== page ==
Our Vote, Our Voice: Honoring the Legacy of RBG
September 24, 2020
By Leticia Tomas Bustillos, AAUW Action Fund Federal Policy Manager
Our right to vote has had a long and tumultuous history. A right that was too often met with intimidation and violence after passage of the 15th amendment, or deliberate obstacles such as literacy tests and polling taxes in the Jim Crow south that effectively prevented eligible Black and Latino voters from casting their ballots. Or the vote was outright denied, as it was to women in the first two centuries after the birth of America. But those actions and tactics are not a thing of the past. Hours-long lines at the polls in Georgia and Wisconsin amidst a pandemic; supporters of one party attempting to disrupt early voting in Virginia; Florida’s governor signing a law overturning the will of the people and preventing formerly incarcerated individuals from voting; and the President publicly casting doubt without evidence on the legitimacy of absentee ballots, all challenge our right to vote today. These are all indelible images playing out this election season on our television and computer screens, making it clear that our right to vote is not just at risk, but is under active threat.
The Voting Rights Act (VRA) of 1965 was signed into law because it was “deadly wrong,” as President Lyndon Johnson stated, to deny any American the right to vote. The landmark legislation included critical provisions to ensure no external forces would deny us our rights. However, on June 25, 2013, the Supreme Court ruled in Shelby County v. Holder that part of the law was unconstitutional because times had changed and it no longer applied.
Justice Ginsburg disagreed vehemently. Her dissent was blistering. She called the court shortsighted in relying on increased voter participation as a sign of progress rather than the extensive record showing that the provisions of the law had been effective in preventing voter discrimination, especially against racial minority groups. She called the decision to throw out existing tools as the equivalent to “throwing away your umbrella in a rainstorm because you are not getting wet.” Her dissent was especially prescient, saying the fight against voter discrimination “resembled battling the Hydra. Whenever one form of voting discrimination was identified and prohibited, others sprang up in its place.” True to her remarks, the immediate result of the majority opinion could be seen within 24 hours – strict voter ID laws in Texas, Mississippi, and Alabama and curtailment of all early voting and elimination of same day registration in North Carolina. All voter suppression tactics that render moot the original intent of the law.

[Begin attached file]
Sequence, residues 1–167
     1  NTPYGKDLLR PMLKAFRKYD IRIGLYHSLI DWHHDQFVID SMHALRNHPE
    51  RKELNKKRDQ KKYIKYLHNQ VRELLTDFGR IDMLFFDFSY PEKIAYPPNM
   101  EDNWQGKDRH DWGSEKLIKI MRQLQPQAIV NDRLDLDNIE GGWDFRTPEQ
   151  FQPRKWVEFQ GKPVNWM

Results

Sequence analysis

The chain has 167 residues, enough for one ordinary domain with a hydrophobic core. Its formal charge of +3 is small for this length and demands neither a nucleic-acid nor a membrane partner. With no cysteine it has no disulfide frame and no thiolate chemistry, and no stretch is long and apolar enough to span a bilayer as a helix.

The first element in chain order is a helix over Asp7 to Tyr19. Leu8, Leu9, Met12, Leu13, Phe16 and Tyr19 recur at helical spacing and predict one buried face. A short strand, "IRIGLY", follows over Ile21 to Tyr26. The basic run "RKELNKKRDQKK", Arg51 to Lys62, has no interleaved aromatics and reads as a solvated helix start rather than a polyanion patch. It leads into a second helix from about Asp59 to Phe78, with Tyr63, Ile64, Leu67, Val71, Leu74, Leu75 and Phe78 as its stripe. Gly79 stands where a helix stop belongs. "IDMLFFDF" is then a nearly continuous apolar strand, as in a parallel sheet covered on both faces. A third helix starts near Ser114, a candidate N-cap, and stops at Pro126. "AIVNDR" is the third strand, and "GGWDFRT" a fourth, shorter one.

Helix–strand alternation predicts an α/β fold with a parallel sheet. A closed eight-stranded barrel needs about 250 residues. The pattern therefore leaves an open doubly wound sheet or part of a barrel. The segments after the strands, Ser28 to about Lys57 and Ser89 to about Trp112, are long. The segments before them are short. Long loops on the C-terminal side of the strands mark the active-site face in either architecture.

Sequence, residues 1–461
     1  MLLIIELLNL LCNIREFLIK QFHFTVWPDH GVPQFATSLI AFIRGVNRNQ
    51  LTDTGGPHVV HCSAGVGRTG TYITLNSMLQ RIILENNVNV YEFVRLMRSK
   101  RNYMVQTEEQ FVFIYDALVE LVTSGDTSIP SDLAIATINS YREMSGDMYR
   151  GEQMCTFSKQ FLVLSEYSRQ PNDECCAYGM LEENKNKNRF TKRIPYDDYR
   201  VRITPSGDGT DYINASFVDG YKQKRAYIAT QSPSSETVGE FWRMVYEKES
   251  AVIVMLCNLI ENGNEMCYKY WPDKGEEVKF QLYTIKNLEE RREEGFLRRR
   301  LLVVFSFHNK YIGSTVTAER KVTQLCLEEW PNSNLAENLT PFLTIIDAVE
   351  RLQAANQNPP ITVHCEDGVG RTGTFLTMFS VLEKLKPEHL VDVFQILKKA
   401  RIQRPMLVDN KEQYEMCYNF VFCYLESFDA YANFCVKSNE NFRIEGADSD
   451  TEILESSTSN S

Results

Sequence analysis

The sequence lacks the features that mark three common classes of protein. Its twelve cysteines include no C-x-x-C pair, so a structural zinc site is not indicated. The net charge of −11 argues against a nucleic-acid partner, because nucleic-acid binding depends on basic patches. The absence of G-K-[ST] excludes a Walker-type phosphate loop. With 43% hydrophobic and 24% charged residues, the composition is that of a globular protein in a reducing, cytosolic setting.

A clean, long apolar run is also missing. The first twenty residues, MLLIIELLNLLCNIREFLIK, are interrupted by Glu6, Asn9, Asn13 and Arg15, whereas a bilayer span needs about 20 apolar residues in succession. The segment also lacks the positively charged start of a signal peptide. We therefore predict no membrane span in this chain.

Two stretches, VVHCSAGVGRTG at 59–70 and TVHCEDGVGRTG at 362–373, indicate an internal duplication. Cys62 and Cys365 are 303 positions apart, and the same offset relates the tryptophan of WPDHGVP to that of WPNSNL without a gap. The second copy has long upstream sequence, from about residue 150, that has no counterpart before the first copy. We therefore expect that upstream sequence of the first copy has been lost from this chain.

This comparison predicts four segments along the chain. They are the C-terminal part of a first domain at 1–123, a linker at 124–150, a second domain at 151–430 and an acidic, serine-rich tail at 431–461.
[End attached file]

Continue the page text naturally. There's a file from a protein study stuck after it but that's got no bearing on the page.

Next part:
I heard the news of Justice Ginsburg’s passing and immediately felt deep sadness, knowing that we lost a true icon of jurisprudence who did so much to raise awareness, call out discrimination, and demand justice on behalf of women and marginalized communities. But superseding these emotions were my feelings of fear and eventual anger. Fear of the consequences her passing has on our right to access affordable health care, to control what happens to our bodies, to work without fear of harassment or gender discrimination, and to know that families will continue to be separated by appalling immigration policies. Most of all I am angered by the fact that in this time of hyper partisanship we are unable to properly mourn her passing and honor the legacy of a quiet but mighty force; instead we find ourselves waging a campaign to preserve the dignity of her Supreme Court seat.
It has been widely reported that her most fervent wish is to not be replaced until a new president has been installed. It is clear that many are working hard to disregard that final wish. So it is left up to us to ensure her legacy carries on. Our vote is our voice. The events surrounding 2020 have illuminated persistent, seemingly intractable inequities and injustices that affect us all in different ways. I am a woman, a Latina, a first generation American, a mother, and a person with pre-existing conditions. What has happened in the last four years, and decisions that will be made in the coming weeks and months, affect me personally, have detrimentally harmed my community, and harshly divided this country I love. Even if our elected leaders are unwilling to stand by what is right, we as voters can and we must, without hesitation or delay. In honor of RBG, I will vote and use my voice to say, “I dissent.”
For more direct analysis on these issues, click here for the AAUW Action Fund Fact Sheet: 2020 Presidential Candidates on Voter Access.